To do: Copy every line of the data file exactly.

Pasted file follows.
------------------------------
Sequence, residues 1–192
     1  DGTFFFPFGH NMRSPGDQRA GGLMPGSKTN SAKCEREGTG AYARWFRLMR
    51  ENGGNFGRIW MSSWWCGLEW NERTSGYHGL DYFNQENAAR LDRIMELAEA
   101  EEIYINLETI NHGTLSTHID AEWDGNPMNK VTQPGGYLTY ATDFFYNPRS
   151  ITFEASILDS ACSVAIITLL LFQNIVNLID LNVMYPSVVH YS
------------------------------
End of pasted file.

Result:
Sequence, residues 1–192
     1  DGTFFFPFGH NMRSPGDQRA GGLMPGSKTN SAKCEREGTG AYARWFRLMR
    51  ENGGNFGRIW MSSWWCGLEW NERTSGYHGL DYFNQENAAR LDRIMELAEA
   101  EEIYINLETI NHGTLSTHID AEWDGNPMNK VTQPGGYLTY ATDFFYNPRS
   151  ITFEASILDS ACSVAIITLL LFQNIVNLID LNVMYPSVVH YS